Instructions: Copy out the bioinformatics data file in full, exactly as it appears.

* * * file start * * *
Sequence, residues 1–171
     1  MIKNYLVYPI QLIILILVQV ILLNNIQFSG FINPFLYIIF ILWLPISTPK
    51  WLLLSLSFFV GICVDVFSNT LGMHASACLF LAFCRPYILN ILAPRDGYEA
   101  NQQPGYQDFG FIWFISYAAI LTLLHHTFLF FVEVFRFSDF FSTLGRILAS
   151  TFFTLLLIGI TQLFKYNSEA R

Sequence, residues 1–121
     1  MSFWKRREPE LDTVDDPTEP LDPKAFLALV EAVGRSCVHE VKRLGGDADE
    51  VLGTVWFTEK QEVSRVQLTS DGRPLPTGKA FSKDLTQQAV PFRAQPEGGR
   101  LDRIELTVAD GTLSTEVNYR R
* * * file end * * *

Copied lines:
Sequence, residues 1–171
     1  MIKNYLVYPI QLIILILVQV ILLNNIQFSG FINPFLYIIF ILWLPISTPK
    51  WLLLSLSFFV GICVDVFSNT LGMHASACLF LAFCRPYILN ILAPRDGYEA
   101  NQQPGYQDFG FIWFISYAAI LTLLHHTFLF FVEVFRFSDF FSTLGRILAS
   151  TFFTLLLIGI TQLFKYNSEA R

Sequence, residues 1–121
     1  MSFWKRREPE LDTVDDPTEP LDPKAFLALV EAVGRSCVHE VKRLGGDADE
    51  VLGTVWFTEK QEVSRVQLTS DGRPLPTGKA FSKDLTQQAV PFRAQPEGGR
   101  LDRIELTVAD GTLSTEVNYR R